Regular readers may remember this week’s Aspiring Voices spotlight writer from her excellent guest fiction post, The Gun’s Fear, earlier this month. I chatted with her about her past life as a dancer, the role of criticism in improving your skill, the nature of success and how one defines “making it” as an author. Plus, she teaches me about Kinetic Fiction.
John via Creative Commons
Paul: What was the first story you remember writing where you finished and thought, “Yeah, there’s something here”?
Alisia: The first story that really changed my view on writing was something I wrote in ninth grade. I had just finished reading On a Pale Horse by Piers Anthony and was inspired to write my own short introduction to Thanatos. The piece was only about 500 words, but it was the first time I had finished a story with a sense of accomplishment. I had never had the urge to share any of my previous writings, but I was so proud of this piece that I mustered up the courage to post it on Fictionpress. I didn’t get many views on my story, but one person left me a very flattering comment. She told me my story was the best she’d ever read on the site and she urged me to write more. Sometimes all it takes is a kind word from a stranger for you to realize that not everything you write is complete garbage.
Veins of chemical-smelling smoke settled around Bud Verney’s head like a crown. The sense of wild invincibility did not particularly appeal to him, but the sacrifice was worth it. If only Lonnie had a flaw or two, something he could use as rationale beside the fact of her hovering, mediocre attentiveness. His few friends, his weary co-workers, his prickly divorce attorney, to a one they failed to understand. They actually thought he should feel lucky.
This plan was better than the last one. Thinking about it now, he could see how maybe Gordon wasn’t Lonnie’s type. He guessed handsome and wealthy weren’t high on her list, otherwise she wouldn’t have pressured Bud into marriage. Gordon had taken the $250 anyway, saying, “I did what you asked and she told me ‘no.’ Gotta tell you, bro, I think she still loves you.” Bud grimaced as he put the lighter to the pipe again.
“We’ll see if she loves me,” he said to the filthy bathroom. He hit again and wondered how long it took for addiction to set in. Maybe she would find his stash tonight, confront him, walk out. He could be sleeping alone by Saturday. He smiled.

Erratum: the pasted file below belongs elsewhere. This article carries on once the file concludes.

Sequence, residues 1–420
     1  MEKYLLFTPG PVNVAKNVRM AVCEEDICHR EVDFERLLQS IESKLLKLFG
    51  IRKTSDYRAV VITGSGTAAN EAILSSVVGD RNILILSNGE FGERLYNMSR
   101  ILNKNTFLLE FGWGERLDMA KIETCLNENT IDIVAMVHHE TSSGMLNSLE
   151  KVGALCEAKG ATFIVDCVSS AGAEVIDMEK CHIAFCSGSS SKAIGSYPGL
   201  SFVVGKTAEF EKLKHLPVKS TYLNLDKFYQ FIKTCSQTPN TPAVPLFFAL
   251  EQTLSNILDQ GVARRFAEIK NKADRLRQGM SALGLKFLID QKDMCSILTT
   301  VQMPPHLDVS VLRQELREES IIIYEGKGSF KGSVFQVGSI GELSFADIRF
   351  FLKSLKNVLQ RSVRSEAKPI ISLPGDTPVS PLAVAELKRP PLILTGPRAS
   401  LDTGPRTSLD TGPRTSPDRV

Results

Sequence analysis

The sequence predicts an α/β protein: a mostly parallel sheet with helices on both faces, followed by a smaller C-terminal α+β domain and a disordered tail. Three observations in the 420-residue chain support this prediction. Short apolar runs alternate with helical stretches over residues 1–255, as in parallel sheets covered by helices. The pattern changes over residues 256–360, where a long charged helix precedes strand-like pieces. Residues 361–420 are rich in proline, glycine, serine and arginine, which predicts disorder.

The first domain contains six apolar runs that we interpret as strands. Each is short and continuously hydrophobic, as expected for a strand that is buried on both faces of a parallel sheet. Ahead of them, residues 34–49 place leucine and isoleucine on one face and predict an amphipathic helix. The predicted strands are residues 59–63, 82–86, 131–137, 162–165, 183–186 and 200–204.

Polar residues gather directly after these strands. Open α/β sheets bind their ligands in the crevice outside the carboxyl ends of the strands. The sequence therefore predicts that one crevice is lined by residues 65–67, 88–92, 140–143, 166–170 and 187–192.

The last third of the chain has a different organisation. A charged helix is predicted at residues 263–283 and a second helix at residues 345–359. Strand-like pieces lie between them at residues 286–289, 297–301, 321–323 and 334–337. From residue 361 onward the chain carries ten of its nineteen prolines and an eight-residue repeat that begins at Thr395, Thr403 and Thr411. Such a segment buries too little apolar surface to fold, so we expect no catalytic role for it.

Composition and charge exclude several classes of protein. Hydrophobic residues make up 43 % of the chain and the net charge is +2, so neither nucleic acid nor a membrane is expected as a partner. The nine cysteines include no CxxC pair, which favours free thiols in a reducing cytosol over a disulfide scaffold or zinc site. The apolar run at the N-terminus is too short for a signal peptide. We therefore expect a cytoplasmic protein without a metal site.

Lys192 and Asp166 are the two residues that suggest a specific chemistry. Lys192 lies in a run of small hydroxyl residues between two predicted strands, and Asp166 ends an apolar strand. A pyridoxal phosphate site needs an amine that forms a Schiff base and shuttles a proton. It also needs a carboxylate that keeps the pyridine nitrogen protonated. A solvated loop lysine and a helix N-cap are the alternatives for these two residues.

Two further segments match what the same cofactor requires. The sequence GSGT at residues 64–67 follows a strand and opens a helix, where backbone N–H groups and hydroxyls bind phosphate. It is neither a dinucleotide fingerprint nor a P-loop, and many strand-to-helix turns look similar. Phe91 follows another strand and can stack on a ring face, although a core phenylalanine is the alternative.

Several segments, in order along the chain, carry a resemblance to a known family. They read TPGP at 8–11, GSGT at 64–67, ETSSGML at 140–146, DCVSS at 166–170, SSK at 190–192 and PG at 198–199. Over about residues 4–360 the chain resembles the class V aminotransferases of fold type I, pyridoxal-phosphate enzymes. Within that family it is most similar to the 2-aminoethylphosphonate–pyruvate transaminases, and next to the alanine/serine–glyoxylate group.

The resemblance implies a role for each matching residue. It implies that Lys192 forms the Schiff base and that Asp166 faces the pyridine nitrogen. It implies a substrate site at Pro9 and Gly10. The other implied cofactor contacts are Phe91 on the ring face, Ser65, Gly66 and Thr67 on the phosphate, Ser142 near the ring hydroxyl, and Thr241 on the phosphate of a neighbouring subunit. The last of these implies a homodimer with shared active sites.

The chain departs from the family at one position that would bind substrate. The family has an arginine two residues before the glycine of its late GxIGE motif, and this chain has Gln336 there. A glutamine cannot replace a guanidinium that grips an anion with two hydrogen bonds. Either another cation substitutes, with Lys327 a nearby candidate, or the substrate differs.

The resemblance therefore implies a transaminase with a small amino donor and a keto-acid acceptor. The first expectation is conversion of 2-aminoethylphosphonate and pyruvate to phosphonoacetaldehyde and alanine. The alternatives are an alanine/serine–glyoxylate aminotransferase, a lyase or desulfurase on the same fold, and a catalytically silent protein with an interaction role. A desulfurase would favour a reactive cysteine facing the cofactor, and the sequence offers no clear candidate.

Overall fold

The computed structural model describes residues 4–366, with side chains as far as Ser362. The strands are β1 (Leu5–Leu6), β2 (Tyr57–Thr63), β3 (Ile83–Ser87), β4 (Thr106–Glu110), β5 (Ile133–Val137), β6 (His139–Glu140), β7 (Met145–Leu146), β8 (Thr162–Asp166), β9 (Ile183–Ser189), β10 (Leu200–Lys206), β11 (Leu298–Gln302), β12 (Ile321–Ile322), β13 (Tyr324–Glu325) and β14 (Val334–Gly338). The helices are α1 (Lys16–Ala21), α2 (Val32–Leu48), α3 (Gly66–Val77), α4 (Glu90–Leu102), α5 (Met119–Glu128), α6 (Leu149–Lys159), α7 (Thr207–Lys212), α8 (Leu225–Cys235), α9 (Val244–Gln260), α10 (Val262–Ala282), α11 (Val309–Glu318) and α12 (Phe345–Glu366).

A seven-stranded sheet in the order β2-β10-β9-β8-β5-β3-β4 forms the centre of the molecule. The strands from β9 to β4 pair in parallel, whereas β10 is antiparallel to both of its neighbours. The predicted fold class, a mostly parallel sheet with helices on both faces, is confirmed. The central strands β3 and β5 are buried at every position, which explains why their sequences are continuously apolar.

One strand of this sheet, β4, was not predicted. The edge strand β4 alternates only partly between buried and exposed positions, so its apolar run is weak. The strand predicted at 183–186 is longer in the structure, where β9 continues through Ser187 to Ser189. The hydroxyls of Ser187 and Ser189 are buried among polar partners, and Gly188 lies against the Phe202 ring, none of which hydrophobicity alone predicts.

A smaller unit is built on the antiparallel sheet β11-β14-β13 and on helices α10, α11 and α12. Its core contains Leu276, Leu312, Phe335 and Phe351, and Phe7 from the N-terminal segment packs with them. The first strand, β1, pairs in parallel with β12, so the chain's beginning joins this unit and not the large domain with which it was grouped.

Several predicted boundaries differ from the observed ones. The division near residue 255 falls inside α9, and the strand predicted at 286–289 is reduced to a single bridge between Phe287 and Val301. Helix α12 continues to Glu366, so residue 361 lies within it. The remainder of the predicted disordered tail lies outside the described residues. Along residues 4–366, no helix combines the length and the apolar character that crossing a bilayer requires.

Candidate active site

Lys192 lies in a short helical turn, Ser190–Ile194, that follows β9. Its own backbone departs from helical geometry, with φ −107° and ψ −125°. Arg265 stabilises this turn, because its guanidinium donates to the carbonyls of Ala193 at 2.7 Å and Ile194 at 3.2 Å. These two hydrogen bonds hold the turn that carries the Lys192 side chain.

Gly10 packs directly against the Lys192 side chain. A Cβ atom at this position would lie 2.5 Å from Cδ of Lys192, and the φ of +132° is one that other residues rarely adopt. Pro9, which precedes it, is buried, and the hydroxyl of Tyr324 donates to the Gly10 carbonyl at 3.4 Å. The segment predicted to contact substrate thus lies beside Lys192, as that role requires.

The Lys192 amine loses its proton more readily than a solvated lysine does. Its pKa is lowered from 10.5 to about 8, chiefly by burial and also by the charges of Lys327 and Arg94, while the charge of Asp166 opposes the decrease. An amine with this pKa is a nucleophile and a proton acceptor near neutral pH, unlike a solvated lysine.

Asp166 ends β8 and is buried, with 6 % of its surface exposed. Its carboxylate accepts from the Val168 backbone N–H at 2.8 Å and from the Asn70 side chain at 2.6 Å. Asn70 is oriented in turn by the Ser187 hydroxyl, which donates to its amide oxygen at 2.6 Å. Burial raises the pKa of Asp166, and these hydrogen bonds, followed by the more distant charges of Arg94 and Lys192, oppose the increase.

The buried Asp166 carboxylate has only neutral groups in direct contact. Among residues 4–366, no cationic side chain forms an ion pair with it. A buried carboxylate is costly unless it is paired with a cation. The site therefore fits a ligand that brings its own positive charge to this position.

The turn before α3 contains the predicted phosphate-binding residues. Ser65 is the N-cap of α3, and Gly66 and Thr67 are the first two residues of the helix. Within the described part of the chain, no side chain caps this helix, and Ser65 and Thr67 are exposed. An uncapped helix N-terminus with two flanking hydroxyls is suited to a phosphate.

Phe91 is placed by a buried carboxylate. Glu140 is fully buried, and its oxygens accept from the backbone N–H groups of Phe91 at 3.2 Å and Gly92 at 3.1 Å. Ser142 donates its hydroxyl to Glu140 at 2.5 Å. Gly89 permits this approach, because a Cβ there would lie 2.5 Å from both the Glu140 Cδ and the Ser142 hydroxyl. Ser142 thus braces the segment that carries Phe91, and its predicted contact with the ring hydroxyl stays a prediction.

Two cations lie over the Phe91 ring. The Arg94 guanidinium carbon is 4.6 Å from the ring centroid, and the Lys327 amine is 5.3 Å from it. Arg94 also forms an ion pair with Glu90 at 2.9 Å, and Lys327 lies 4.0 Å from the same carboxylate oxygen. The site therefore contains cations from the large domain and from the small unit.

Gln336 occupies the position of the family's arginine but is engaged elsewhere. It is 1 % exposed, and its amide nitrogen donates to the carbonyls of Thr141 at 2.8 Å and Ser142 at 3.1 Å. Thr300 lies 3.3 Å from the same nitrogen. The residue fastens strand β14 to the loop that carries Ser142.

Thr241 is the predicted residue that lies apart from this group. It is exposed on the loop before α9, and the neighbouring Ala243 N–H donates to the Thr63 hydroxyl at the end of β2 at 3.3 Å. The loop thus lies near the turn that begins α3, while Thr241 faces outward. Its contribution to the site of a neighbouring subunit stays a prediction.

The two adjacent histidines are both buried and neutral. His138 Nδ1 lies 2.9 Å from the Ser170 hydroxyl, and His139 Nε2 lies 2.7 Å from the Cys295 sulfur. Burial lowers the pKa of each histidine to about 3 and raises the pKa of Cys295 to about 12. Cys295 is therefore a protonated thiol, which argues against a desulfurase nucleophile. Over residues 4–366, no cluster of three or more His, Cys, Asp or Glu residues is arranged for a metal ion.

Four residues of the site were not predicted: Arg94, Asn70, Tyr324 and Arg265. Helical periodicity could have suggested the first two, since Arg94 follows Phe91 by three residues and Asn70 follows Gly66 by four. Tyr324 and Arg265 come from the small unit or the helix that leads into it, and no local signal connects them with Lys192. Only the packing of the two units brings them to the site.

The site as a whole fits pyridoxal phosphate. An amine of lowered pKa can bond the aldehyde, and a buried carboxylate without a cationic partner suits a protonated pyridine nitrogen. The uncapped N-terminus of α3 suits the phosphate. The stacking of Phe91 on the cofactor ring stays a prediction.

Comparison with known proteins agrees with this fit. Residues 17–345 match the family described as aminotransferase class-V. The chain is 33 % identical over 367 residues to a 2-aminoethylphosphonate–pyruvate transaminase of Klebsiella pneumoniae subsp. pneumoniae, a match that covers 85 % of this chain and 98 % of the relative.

Pardon the digital dust while I get a few things set up and fixed up around here.
In the meantime, greetings! I’m not actually new to blogging; my occasionally updated site ironSoap.org has been up and cataloging my various “thoughts” longer than the word blog has existed. But that site is for Paul Hamilton the husband/father/weirdo/nerd whereas this site is for Paul Hamilton the writer. This isn’t necessarily a reboot, more of a re-focusing to provide a better gateway into the writing that I’m doing now. In some ways ironSoap.org is a bit of a relic; I am apt to update it occasionally but I expect the majority of new content will appear here instead as fiction writing and write-for-hire overtakes blogging.
A few notes, probably most interesting to those who were familiar with the old site:
I’ll try to be better here than I was there about tags, categories, and general searchiness, which I now profess to be a genuine word. I had kind of a one-category-probably-catchall thing happening on The Org and it probably wasn’t great for people who wanted to find or filter specific things.
I’m definitely going to refer to the other site as The Org from now on.
The Org was very intentionally family-friendly with next to zero objectionable language or references to sexual activities or anything that wouldn’t behoove your average six year-old. I even tried to avoid linking to material that might be offensive to others, or at least provided a warning. This site is less concerned with all-ages inclusiveness. In my fiction, I write the way people talk. Sometimes people curse. People in my stories also have sex, get hurt, hurt each other, and find frightening things which may or may not actually exist. As with the first point above, I’ll do my best to appropriately mark any material that might be upsetting to sensitive eyes.
A decade of blogging has taught me that making promises about update schedules is the surest way to reduce output dramatically. As such, there won’t be a regular posting schedule. However, I think I can update more often if I keep the posts short. The exception may be free fiction I intend to post here occasionally, which will probably always be short story length (or serialized to be so); 2,000-8,000 words give or take.
Cross-posting will be kept to a minimum, as will invitations to connect with me in my various other online haunts. Contact details and social networking connections will probably make appearances somewhere on the site, but I won’t clutter the posts with incessant reminders to look at my other output.
No, I won’t take the lens flare off the logo. Lens flares are cool.
And just to show what a nice guy I am, I’m posting my first piece of free fiction here later today. Stick around, I think it’s going to be fun.